My publications:

For much more information about how to practice piano repertoire, take a look at my two-book piano course, Play it again: PIANO (Schott). Covering a huge array of styles and genres, 49 progressive pieces from approximately Grade 1 – 8 level are featured, with at least two pages of practice tips for every piece. A convenient and beneficial course for students of any age, with or without a teacher, and it can also be used alongside piano examination syllabuses too.

You can find out more about my other piano publications and compositions here.


‘Divine Fire’ at the Radcliffe Centre in Buckingham

The quaint, attractive market town of Buckingham, situated in North Buckinghamshire, played host to a rather special performance held at the Radcliffe Centre earlier this week. The centre, formerly a splendid church, is attached to the University of Buckingham and has been tastefully refurbished and renovated, catering perfectly for recitals and lectures. The venue presents a popular concert series and is a flourishing arts and cultural centre.

I’ve written before on this blog about my love for the combination of words and music. I had the good fortune to perform Melodramas and Recitations for several years with the recently deceased raconteur John Amis, and regularly observed audiences favourable reactions as they became captivated by the sheer beauty, emotion and profundity this alliance provides.

The relationship between  Frédéric Chopin and his lover George Sand is assiduously explored in this fascinating programme aptly entitled ‘Divine Fire’. Narrated and written by the celebrated actress Susan Porrett, the mellifluous prose transported us on a journey through Chopin’s turbulent existence, marking both his musical achievements and often chaotic personal life. Chopin, a shy, spiritual soul, who died at the untimely age of thirty-nine, spent nine years with the rebellious, feminist writer, Sand. This unlikely union, which from the outset was so full of promise, hope, romance and passion, slowly descended into misery, jealousy, despair, and ultimately with Chopin’s demise. Seemingly neither ever recovered from their final separation. A love story for the end of time.  Moving, expressive and heart breaking, this searing chronicle was effectively punctuated by many of the composer’s well-known piano compositions, elegantly performed by pianist Viv McLean.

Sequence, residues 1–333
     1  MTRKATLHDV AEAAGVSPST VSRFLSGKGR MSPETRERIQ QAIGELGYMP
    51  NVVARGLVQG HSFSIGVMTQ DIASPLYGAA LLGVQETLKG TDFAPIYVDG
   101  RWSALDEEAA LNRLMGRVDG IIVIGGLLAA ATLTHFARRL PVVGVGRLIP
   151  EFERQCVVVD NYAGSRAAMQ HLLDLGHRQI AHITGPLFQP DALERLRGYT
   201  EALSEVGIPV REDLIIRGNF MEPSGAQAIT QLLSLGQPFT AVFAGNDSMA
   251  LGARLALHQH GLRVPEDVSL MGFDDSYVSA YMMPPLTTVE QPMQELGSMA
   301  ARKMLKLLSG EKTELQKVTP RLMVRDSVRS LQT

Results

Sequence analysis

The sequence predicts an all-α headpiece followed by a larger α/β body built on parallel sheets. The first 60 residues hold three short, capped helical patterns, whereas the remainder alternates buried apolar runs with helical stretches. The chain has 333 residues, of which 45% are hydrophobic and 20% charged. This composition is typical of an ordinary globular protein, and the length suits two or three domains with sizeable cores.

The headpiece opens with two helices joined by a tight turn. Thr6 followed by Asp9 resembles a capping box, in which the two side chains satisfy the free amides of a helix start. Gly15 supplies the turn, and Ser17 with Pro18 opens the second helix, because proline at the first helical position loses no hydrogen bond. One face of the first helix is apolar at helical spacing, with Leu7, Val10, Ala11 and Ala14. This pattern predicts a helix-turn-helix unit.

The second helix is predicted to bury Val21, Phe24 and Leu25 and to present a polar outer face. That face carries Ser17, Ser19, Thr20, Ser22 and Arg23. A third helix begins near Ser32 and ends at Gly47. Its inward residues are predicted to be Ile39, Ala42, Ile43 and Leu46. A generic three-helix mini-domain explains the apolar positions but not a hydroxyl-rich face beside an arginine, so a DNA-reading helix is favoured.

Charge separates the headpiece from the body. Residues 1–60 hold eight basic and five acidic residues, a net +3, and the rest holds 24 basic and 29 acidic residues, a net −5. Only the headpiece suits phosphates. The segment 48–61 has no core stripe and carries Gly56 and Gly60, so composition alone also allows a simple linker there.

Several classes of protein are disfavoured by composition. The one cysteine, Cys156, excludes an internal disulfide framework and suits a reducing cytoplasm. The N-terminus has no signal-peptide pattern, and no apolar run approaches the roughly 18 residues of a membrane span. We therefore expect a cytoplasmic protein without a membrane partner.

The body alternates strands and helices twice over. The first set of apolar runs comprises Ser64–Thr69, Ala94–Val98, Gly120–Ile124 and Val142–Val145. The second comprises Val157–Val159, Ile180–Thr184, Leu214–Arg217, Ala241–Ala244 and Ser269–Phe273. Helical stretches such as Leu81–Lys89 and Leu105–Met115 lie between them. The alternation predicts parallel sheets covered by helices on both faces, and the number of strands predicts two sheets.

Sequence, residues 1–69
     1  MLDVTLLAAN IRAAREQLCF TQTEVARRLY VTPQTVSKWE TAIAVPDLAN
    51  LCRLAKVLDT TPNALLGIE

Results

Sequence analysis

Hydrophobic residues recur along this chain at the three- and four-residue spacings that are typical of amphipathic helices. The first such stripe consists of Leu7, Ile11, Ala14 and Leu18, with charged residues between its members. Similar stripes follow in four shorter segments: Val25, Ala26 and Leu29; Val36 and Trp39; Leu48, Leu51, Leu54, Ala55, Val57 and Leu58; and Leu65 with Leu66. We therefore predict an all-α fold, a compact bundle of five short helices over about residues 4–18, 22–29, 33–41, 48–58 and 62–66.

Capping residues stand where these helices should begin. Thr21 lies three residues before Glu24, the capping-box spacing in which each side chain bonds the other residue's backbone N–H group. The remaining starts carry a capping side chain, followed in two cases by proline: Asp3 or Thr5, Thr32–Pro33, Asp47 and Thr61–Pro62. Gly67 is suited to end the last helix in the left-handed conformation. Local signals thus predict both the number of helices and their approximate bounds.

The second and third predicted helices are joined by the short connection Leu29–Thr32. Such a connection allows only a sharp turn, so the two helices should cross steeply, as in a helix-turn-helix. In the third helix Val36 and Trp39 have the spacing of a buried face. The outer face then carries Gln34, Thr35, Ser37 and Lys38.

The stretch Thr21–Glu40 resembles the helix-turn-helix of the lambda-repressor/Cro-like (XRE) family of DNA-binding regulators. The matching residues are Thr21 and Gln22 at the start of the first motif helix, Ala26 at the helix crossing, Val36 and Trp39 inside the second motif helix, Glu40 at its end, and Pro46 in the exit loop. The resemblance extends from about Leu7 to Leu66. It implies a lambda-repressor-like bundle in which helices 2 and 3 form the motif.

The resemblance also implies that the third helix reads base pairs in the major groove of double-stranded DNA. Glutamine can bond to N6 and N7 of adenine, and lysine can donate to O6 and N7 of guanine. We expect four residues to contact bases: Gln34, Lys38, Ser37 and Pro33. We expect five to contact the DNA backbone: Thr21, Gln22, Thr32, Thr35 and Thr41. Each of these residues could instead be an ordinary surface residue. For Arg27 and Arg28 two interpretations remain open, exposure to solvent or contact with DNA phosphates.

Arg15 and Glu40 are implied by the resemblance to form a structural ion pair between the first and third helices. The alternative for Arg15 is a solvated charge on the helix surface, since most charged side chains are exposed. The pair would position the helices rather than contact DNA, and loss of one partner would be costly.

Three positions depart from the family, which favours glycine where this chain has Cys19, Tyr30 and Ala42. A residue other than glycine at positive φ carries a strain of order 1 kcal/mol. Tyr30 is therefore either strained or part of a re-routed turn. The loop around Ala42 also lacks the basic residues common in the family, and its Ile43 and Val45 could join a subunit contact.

Viv presented a wide range of Chopin’s works opening with the small-scale yet poignant Prelude in A major Op. 28 No. 7; not an obvious choice, but it was played with precision, poise and colour. The Nocturne in E flat Op. 9 No. 2 and Prelude in C sharp minor Op. 45 were equally effective; restrained and contemplative yet devoid of any sentimentality. The interweaving of dialogue and piano music was beautifully judged with renditions of Chopin’s First and Third Ballades (Op. 23 and Op. 47), metamorphosing the reflective mood into an impassioned and dramatic aura.

Larger works such as the thrilling Scherzo No. 3 in C sharp minor Op. 39, ever popular Fantasie Impromptu in C sharp minor Op. 66 and Polonaise in C sharp minor Op. 26 No. 1 were juxtaposed with the Nocturne in C sharp minor Op. Posth. and the Mazurka in A minor Op 17 No. 4. Performed with consummate mastery, this Mazurka’s pervading improvisatory semblance exuded a trance-like quality.  As one of Chopin’s later compositions, the chromatically adventurous Polonaise Fantasie in A flat major Op. 61 afforded a fitting conclusion, and complimented the utterly tragic and desolate narrative enthralling conveyed by Susan. The script cleverly integrated a mixture of the lover’s letters with accounts and descriptions from friends and relatives, allowing their personalities to permeate powerfully.

Chopin and Sand were indeed present at this concert, appearing as ethereal apparitions on a large screen placed high above the performers. Sands’ painting dominated at the beginning, her piercing dark brown eyes illuminating the tempestuous character beneath. Chopin’s ghostly haunted image, which featured in the second half, was of a man whose spirit had been totally crushed, thoroughly consumed with sadness. The evening was an intense tour de force fully demonstrating the irresistible charms of words and music.